Other transport lines are coming that will better connect various city districts between and within each other, as per the city’s more localised vision.
All these changes require careful consideration of the data (most buses and trams have detectors to count demand at different stops) and “a very intense dialogue between the city and local communities,” says Svet.
How do you design the right public transport network?
“One of the biggest challenges for us is to create a more effective public transport network, but without losing people who are very connected. And sometimes I would say even emotionally connected to the lines they were using for maybe 50 years,” he adds.
Most of us have a limited relationship with our city’s transport network - mainly noting the time it takes to get from A to B. We’re not necessarily interested in the bigger picture.
“It's not that hard to draw new lines on the map. It is harder to create a system where people trust that the decisions are made in their best interest,” says Svet. As deputy mayor responsible for the urban environment, a key part of his role is overcoming conflict en route to a stronger, more sustainable system.
Again, the city has to contend with attitudes shaped in the rise and fall of the Soviet Union. “Because car ownership was limited [until Estonia regained independence in 1991], it became seen as a status symbol, so we are fighting this notion a bit,” says Kaidi Põldoja, head of Tallinn’s urban planning department.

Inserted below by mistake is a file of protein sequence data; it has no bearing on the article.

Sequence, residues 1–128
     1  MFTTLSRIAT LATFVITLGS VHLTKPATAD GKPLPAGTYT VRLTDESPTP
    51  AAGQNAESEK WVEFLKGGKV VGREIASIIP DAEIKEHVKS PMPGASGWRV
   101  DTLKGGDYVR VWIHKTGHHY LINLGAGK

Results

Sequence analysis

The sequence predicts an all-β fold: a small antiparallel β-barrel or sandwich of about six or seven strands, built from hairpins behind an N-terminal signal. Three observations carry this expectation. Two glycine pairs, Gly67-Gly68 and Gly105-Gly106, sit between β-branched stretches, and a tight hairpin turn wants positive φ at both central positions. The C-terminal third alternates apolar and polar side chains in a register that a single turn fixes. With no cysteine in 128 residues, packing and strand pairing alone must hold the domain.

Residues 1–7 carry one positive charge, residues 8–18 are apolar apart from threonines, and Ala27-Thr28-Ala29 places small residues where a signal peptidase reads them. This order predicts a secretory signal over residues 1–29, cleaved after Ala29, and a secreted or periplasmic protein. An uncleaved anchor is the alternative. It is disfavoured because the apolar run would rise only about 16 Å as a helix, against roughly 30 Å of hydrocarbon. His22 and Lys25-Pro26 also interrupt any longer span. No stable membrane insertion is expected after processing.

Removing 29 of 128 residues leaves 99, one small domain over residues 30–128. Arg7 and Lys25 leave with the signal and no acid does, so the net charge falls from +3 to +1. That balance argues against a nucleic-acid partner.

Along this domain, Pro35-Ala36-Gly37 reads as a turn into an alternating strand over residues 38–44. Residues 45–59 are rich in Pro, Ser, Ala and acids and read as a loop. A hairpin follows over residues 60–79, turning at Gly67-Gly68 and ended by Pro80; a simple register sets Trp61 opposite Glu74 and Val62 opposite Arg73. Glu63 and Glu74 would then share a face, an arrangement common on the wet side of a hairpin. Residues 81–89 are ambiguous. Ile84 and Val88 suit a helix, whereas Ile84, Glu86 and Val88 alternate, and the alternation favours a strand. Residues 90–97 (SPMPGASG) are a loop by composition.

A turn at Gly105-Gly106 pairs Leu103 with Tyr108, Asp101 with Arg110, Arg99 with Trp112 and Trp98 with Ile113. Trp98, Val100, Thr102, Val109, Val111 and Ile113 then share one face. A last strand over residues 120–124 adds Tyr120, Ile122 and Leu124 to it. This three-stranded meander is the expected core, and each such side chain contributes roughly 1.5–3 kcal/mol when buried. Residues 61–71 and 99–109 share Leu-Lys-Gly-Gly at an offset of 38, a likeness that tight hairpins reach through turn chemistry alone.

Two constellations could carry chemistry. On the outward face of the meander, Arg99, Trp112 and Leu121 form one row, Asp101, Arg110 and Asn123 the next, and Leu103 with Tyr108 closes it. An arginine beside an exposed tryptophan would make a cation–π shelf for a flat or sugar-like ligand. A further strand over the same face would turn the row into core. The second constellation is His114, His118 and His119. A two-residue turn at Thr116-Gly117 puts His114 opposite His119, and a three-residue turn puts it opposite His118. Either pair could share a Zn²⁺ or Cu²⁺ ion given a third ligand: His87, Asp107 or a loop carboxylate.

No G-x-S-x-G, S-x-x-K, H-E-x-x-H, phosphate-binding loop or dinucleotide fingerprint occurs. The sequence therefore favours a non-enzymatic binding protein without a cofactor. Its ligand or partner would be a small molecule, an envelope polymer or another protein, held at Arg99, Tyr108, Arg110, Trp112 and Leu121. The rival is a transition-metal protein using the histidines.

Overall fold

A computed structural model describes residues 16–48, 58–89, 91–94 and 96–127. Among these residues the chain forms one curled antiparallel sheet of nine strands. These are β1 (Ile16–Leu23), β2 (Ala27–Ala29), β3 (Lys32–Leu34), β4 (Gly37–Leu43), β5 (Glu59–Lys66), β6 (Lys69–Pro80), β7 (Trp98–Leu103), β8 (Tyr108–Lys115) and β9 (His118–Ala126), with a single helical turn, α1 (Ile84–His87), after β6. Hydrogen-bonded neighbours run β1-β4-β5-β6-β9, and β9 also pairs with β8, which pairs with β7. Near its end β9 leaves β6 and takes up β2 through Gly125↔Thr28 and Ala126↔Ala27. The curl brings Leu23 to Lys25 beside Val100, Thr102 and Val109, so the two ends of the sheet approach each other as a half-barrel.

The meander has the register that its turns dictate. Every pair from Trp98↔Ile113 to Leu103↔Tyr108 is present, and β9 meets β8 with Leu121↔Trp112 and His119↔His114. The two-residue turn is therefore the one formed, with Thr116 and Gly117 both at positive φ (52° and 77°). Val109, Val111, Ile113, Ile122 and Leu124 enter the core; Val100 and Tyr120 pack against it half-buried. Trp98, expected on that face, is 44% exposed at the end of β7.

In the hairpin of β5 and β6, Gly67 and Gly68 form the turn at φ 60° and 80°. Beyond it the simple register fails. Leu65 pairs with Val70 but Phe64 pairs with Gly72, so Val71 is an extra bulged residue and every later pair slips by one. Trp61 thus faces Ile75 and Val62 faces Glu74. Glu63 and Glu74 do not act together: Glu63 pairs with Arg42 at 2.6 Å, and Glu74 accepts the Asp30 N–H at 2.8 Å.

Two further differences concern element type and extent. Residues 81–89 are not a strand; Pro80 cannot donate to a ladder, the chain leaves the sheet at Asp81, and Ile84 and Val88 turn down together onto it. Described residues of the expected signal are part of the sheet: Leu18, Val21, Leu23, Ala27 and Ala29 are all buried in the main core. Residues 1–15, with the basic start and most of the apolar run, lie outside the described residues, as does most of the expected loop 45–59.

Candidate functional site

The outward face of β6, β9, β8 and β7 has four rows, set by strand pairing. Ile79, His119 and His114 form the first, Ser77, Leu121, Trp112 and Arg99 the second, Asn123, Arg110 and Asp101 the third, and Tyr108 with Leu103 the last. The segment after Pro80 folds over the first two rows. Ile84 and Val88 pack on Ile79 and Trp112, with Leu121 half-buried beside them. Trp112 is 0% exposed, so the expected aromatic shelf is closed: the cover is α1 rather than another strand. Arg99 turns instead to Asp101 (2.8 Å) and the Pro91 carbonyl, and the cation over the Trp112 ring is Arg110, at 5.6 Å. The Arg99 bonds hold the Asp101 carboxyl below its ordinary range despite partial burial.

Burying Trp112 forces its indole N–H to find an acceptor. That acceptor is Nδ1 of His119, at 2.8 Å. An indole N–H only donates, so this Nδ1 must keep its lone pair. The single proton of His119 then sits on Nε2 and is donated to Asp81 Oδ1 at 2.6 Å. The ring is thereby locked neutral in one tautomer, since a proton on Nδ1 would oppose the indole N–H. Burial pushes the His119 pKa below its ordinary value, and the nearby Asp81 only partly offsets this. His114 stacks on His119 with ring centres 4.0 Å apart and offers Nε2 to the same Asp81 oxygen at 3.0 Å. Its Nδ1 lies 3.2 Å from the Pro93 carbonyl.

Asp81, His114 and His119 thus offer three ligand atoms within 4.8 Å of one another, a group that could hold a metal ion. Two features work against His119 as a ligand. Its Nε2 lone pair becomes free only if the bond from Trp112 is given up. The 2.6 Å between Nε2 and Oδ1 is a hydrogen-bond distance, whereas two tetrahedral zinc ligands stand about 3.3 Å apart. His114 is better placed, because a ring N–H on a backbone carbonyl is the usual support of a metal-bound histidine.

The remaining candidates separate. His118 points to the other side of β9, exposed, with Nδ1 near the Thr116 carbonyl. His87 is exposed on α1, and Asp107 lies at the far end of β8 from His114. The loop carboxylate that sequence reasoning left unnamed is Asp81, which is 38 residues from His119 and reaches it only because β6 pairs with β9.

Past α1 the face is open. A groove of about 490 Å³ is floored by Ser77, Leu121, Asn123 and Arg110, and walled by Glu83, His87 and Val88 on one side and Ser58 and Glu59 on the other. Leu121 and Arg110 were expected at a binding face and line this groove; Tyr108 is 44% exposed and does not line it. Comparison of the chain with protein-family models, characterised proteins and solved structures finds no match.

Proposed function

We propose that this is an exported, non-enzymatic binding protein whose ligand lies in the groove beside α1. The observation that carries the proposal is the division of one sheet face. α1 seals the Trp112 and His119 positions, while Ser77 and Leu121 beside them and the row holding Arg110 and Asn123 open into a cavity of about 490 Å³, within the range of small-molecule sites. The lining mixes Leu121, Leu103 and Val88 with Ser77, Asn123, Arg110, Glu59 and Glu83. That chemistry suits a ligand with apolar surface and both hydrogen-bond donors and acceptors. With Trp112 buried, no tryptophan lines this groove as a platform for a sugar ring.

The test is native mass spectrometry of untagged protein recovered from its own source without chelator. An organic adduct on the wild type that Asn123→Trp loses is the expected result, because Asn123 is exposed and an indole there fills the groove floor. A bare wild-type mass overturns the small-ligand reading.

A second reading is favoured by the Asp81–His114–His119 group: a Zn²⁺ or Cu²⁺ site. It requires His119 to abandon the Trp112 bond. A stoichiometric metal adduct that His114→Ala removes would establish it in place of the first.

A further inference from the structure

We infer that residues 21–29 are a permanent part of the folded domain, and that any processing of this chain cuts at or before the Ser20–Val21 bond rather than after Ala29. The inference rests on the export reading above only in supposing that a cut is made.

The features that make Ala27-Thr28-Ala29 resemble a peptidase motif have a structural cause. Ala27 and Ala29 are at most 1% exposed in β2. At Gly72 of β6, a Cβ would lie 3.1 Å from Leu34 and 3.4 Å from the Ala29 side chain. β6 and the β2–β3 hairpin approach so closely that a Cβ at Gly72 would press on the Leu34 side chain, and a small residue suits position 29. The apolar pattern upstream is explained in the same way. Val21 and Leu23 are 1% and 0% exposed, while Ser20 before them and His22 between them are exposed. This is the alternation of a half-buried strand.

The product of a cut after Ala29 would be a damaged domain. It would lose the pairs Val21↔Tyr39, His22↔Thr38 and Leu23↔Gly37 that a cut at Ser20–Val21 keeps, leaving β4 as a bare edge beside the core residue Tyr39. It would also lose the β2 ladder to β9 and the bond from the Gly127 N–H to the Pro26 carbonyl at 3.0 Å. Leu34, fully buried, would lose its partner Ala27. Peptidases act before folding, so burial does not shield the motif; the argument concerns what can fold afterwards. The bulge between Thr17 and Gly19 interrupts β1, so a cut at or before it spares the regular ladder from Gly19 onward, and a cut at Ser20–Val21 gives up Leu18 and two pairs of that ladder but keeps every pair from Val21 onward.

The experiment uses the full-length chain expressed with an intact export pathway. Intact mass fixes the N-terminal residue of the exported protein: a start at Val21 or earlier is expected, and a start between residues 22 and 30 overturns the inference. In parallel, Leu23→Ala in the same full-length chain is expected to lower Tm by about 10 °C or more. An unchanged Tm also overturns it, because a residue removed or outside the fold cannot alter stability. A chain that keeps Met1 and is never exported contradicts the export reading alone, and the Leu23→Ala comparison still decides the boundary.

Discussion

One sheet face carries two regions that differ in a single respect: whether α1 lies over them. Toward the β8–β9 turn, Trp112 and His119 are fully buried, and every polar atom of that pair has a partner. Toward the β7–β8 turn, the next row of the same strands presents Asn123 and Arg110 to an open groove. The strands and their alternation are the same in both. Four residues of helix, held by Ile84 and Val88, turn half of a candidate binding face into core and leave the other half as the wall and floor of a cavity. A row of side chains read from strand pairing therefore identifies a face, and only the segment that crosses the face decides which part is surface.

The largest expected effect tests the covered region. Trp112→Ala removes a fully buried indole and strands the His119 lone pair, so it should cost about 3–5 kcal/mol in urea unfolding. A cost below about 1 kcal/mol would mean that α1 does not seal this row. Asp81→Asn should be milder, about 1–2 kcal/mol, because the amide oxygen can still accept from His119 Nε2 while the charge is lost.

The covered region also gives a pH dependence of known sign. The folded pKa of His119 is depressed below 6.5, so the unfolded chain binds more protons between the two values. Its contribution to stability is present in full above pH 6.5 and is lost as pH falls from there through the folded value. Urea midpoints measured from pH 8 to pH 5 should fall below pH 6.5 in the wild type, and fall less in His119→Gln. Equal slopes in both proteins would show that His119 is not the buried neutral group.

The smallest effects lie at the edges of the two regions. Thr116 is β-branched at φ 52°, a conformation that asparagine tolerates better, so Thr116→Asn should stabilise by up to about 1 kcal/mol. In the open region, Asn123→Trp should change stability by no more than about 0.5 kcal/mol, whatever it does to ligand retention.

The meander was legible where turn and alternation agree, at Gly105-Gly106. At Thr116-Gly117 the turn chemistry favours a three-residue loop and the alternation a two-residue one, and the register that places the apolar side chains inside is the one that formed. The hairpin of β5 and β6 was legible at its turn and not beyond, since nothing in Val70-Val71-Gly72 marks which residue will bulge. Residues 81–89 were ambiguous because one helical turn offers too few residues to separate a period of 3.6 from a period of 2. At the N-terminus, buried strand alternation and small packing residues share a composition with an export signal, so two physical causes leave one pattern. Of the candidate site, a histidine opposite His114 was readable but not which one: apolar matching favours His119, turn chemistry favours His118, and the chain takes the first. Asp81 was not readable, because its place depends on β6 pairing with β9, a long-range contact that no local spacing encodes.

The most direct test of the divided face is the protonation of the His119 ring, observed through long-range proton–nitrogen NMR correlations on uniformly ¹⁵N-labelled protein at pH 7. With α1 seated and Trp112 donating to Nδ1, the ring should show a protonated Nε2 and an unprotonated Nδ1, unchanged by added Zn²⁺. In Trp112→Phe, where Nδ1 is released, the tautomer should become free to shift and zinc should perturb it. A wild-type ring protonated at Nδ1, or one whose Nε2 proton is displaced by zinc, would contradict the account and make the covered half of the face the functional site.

Another city planner tells me he thinks Tallinn “swung too far the other way” in becoming an individualistic, car-oriented society. Creating more room for public transport and other forms of communal space is a kind of rebalancing act.
Notably, Estonia has the second highest share of passenger cars older than 20 years in the EU (33.2 per cent, after Poland). The government is seeking to bring in a car tax next year that will push people towards less polluting models.
Self-driving buses take to Tallinn’s roads
Social change takes time, but Estonia’s entrepreneurial spirit is a great galvaniser.
In September, Tallinners were treated to a free self-driving bus service in the Kadriorg area, designed by autonomous vehicle company Auve Tech OÜ. The idea is that it could be used as a ‘last mile bus’ - to get people to more remote villages where a bigger bus wouldn’t make sense.
The little electric bus has a ‘still learning’ sticker which Operations Lead Deivis Sepp doubts will ever come off. In 2018 it could only drive in straight lines, but through data analysis the tech has come on quickly.
When I took a turn on the bus last month, the novelty and slight frisson of being driven by a machine was softened by the presence of a human operator with a remote control to oversee its ‘decisions’. They’re also not going away anytime soon.